Standing Desks Keep Students Learning on Their Toes

By Balbina Yang, Features Editor

CHS students spend about six hours, five days a week sitting stationary at a desk. Due to the health risks and lack of attention that comes with the sedentary school-day lifestyle, some schools across the U.S. have taken a stand to end these unhealthy habits.

As of August 2015, elementary schools in California have implemented standing desks, also known as desks with no chairs. These desks have been proven to decrease health problems and increase student focus during class.

“Personally, I like to stand, and I think [implementing standing desks] is a wonderful research project that will help children be healthy during class,” Principal Joan Benz said.

Although many have not heard of the concept of standing desks, the idea is not necessarily a new one. Standing desks have been around as early as 2010, but have not been used in school until this August.

According to a March 2014 Smithsonian Magazine article, standing desks once “were a curiosity,” primarily used by eccentrics like Hemingway and Dickens, but were rarely seen in a regular office setting.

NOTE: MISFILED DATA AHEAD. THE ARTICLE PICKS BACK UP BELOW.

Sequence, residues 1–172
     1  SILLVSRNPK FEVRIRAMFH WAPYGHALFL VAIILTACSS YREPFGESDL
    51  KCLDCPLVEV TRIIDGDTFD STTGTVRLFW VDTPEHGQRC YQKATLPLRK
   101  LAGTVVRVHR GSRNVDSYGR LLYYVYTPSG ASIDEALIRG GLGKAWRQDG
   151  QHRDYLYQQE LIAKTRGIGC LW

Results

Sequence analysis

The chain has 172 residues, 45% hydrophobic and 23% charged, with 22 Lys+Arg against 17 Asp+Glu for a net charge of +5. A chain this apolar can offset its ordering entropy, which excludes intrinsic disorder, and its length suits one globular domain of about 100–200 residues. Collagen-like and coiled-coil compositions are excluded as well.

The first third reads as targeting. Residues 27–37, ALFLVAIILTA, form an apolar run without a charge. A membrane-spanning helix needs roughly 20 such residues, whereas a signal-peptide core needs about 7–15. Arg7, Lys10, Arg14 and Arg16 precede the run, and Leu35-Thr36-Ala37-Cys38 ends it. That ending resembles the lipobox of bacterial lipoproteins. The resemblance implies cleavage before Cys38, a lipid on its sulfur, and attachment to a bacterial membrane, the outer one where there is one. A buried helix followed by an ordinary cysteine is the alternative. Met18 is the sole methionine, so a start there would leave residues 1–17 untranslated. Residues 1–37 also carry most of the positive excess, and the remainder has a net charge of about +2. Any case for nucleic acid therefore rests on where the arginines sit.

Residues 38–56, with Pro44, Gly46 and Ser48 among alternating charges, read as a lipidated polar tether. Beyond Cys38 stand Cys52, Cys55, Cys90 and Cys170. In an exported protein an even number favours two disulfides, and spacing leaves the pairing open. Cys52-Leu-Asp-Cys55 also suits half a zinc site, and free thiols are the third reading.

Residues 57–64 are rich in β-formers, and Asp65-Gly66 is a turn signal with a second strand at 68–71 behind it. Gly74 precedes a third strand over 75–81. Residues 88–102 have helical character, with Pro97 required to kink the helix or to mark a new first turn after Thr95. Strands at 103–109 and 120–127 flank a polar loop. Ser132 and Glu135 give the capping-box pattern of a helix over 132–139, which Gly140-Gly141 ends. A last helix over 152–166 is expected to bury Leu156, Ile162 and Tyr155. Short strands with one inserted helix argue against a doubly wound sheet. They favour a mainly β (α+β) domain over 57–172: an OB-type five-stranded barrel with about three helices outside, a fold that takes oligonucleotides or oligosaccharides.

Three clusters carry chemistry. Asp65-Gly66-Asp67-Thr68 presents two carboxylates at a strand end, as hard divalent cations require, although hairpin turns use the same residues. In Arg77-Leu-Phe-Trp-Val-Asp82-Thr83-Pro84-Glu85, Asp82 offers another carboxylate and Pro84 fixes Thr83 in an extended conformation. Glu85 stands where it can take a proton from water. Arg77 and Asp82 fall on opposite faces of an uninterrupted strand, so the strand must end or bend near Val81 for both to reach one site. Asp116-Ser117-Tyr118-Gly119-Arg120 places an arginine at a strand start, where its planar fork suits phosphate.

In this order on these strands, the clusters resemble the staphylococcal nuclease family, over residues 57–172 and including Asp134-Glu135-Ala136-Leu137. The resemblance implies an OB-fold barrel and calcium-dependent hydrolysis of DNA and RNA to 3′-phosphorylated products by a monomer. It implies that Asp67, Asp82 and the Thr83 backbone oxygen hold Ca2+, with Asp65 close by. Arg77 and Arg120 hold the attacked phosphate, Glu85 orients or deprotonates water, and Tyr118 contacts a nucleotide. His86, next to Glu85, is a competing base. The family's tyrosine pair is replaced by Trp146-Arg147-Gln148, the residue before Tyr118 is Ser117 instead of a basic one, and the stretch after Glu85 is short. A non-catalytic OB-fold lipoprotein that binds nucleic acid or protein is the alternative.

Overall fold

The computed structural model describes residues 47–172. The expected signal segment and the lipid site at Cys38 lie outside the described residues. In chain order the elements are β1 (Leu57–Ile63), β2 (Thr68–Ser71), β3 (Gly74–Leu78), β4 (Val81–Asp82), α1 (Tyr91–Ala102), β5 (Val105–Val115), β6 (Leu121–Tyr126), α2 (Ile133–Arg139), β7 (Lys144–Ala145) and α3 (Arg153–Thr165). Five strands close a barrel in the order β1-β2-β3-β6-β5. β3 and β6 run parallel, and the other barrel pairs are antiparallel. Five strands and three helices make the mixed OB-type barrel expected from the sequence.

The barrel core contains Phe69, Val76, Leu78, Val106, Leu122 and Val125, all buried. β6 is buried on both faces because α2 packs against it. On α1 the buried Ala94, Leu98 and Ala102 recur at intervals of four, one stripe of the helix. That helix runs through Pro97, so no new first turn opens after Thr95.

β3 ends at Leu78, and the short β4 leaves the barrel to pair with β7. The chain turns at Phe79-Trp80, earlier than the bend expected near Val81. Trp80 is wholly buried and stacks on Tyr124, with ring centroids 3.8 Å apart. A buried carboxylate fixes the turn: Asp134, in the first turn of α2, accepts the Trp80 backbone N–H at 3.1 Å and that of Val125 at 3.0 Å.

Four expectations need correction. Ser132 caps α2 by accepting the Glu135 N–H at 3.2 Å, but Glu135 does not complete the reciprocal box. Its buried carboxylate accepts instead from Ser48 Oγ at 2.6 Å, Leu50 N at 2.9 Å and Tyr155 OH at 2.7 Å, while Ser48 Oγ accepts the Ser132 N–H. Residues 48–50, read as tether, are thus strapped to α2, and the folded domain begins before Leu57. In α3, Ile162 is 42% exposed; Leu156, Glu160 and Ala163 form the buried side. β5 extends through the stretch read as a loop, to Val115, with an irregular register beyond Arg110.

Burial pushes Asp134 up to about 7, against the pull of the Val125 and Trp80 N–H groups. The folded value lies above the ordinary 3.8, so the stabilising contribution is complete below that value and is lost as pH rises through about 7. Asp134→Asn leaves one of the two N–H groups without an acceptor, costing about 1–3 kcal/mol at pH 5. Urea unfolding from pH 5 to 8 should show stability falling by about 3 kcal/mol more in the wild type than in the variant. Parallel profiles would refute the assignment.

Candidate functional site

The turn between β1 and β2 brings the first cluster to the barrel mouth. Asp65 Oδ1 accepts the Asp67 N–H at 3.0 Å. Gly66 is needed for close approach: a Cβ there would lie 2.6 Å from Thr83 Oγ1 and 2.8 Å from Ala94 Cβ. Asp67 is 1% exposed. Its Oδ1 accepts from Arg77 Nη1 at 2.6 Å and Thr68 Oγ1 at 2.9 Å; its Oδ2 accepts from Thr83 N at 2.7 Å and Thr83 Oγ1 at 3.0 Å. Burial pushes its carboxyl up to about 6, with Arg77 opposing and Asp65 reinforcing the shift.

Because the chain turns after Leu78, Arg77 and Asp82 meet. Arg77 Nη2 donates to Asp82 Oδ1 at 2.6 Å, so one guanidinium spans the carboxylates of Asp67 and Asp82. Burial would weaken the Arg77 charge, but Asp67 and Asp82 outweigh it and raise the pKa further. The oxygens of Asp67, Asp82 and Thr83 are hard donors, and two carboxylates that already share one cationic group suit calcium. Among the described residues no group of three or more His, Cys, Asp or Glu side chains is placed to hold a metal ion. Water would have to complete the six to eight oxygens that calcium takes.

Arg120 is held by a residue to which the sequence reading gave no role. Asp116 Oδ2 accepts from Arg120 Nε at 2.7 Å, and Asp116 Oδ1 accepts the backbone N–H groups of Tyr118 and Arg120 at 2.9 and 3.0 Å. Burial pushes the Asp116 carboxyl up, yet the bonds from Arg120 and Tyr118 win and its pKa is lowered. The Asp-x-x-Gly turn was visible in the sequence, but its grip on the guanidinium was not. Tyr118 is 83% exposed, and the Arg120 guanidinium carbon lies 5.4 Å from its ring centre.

The resurrected interest in standing desks primarily stems from the nationwide obesity issue. The idea is to get students to move around during the day, as they sit for the majority of the week, which increases certain health risks.

According to a March 2012 Discovery article, people who spend four hours or more sitting have an increased risk of cardiovascular disease and high blood sugar. Standing burns three times as many calories as sitting.

Many students are optimistic about implementing standing desks at CHS and understand the benefits they have to offer.

“Standing desks are beneficial to students’ health because they let blood circulate throughout body and force students to stay focused during their classes,” junior Jade Phan said.

Other than just having health benefits, standing desks may be helpful in terms of academics. For example, standing desks can help students be more alert and fight the urge to sleep or even rest during class.

Many teachers at CHS have stringent rules as to when students can rest and put their heads on desks.

“Certain body language makes teachers believe that children are sleeping or not involved in the lesson,” Benz said. “In this case, teachers should encourage students to keep their heads up or just send them to the health room.”

Spending several hours in one spot for almost an entire day can be tiring, and it can be difficult to stay awake, especially after a long night of doing homework.

“One thing teachers need to do is to walk around a lot,” Spanish teacher Stacy Steele-Yue said. “The set-up of the classroom is very important; teachers should be able to freely move back and forth. Also, teachers should make students move around every 15 minutes or so, so they can get exercise and be active.”

However, even with the advantages of having standing desks, it is not certain whether CHS will ever implement any anytime soon.

“At this time, we cannot afford them,” Benz said. “MCPS has to promote for funding and good research in order for us to ever get standing desks.”